“Poetry is a call to action and it also action. Sometimes we say, "This tragedy, it happened far away. I don't know what to do. I'm concerned but I'm just dangling in space." A poem can lead you through that, and it is made of action because you're giving your whole life to it in that moment. And then the poem — you give it to everyone. Not that we're going to change somebody's mind — no, we're going to change that small, three-minute moment. And someone will listen. That's the best we can do.” - Juan Felipe Herrera
I met my friend at Coffeebar this morning – it was our first opportunity to catch up since she had returned from her first experience of Burning Man (see her beautiful article in The Tahoe Weekly). After she filled me in, I was surprised that she hadn’t heard about the horrible situation refugees in Europe were experiencing as they escaped war in Syria and other places. She'd been in another world. The news has pressed on me daily – and their helplessness in the face of brutality makes my own helplessness seem that much more insignificant. What is our responsibility to stay informed on international updates? How can we live a life that does not reinforce the inequalities that cause these problems? My friend asked “how can we live open to love? That’s the problem. No one wants these people who aren’t of their own tribe.” I feel that I can’t make a turn without needing to reprimand myself for a choice I make on how I live.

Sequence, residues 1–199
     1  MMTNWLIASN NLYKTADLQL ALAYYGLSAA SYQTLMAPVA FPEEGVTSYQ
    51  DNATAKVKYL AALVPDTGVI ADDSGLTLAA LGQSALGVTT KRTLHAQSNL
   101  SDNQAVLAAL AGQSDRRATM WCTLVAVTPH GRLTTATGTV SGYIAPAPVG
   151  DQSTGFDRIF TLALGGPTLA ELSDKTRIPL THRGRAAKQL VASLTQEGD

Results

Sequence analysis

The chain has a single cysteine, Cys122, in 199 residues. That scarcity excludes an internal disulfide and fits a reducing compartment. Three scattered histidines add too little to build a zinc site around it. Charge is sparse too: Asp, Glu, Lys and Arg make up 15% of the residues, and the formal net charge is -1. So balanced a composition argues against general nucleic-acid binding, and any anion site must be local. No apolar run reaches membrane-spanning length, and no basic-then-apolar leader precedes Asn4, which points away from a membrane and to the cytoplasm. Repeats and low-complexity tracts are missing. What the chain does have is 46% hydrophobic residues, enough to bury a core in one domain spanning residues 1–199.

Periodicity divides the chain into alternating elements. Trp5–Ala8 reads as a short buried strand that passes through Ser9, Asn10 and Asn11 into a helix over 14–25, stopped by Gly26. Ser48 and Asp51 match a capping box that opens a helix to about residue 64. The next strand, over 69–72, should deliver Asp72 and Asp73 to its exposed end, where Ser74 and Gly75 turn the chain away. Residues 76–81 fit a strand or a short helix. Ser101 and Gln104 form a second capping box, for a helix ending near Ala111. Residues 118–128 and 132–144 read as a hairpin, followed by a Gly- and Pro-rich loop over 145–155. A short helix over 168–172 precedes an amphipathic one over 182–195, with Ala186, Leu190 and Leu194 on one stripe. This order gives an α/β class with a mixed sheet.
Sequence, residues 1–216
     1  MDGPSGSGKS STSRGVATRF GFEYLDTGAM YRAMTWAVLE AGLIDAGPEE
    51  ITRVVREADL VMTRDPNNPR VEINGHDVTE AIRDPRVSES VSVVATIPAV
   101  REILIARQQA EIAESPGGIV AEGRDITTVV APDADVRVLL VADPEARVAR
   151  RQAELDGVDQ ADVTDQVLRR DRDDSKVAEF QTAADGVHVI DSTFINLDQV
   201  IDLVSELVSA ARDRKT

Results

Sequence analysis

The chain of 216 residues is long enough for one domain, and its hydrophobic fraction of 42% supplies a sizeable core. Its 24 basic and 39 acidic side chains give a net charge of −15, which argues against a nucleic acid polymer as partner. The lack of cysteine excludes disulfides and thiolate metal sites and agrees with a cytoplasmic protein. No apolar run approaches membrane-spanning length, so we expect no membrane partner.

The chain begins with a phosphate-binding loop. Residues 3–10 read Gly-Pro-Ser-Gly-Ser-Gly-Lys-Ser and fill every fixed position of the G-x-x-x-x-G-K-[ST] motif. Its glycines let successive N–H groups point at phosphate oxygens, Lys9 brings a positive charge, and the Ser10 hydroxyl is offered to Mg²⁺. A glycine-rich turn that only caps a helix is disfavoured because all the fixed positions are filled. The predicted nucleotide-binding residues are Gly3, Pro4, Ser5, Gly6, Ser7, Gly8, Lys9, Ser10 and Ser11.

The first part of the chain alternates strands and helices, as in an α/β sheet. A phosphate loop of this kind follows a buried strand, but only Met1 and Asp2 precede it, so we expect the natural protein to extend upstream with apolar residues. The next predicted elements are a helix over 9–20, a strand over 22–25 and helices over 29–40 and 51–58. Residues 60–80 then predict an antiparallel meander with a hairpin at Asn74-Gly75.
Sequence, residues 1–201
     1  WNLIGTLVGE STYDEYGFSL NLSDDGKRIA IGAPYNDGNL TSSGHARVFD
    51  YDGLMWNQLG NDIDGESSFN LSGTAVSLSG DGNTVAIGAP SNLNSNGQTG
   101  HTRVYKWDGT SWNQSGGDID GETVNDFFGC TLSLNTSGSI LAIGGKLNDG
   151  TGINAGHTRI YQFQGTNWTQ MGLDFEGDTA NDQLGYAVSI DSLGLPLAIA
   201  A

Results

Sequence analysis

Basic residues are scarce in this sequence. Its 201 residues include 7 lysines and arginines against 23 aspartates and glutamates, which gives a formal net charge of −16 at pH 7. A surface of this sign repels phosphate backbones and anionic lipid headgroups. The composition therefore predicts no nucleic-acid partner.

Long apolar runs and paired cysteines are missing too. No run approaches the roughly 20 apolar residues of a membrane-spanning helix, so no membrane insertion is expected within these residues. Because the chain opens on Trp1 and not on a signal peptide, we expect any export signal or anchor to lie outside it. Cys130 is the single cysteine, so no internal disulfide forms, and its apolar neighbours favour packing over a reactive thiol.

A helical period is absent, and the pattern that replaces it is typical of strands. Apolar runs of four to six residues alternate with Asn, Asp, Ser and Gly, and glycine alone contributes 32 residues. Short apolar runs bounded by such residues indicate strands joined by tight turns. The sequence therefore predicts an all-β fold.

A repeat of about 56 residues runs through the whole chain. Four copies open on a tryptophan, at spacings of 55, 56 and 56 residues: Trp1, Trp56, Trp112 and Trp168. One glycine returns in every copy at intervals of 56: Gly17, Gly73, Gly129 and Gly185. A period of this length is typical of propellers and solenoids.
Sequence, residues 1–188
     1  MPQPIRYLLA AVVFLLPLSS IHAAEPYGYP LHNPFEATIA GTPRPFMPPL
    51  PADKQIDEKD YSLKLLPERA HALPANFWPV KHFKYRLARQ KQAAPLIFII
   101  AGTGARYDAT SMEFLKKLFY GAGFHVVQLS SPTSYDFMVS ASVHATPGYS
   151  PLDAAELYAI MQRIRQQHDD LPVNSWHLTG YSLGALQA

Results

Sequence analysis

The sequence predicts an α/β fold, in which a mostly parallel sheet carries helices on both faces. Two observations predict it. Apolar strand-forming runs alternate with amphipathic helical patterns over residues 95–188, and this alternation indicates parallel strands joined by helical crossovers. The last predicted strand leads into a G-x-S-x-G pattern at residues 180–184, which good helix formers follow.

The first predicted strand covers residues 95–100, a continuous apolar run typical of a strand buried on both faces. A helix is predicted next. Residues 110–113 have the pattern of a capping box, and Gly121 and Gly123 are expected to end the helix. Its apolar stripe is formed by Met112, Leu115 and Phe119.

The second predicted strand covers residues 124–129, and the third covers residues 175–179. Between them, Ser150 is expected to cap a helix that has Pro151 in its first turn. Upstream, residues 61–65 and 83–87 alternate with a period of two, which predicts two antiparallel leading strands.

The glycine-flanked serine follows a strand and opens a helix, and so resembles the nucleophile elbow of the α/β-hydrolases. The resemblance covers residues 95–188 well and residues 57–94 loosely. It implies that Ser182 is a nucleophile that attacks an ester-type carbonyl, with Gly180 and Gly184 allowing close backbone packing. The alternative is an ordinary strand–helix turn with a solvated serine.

Last weekend I was in Texas at my uncle’s memorial service. He died suddenly last Tuesday. How would I want to be spoken about by friends and family at the end of my life? What is important is what we do, actions we take, how we reach out to others, how we impact each other. That’s what I took away from a weekend of reconnecting with cousins and relatives I hadn’t seen in over a decade. They were open and welcoming to me and my brothers and family. That’s what matters.
That’s why our new Poet Laureate Juan Felipe Herrerra inspires and comforts me as much as he does. I met him last year when he came to the Writers in the Woods reading series at Sierra Nevada College to read his poetry with Jane Hirshfield. His voice is soft and sure and listening to him read his poems made me want to sit down and free my own voice in the way he has let his voice free. He was interviewed on NPR a few nights ago and spoke about poetry as action. A call to action, yes, but writing the poem, and the poem itself, is action. This is an antidote to my helplessness.
This idea of poetry as action and even change is the foundation of 100 Thousand Poets for Change, a national event happening September 26th. I’ve helped organize a local event at Sundance Books in Reno from 3-4:30 pm that Saturday afternoon. A panel discussion will explore the idea of change and how poems can take on the idea of change. An open mic will feature poems of change. If you have been feeling helpless, come to our event on 9/26 and tend to the actions you take each moment. As my friend says, every small gesture makes a difference.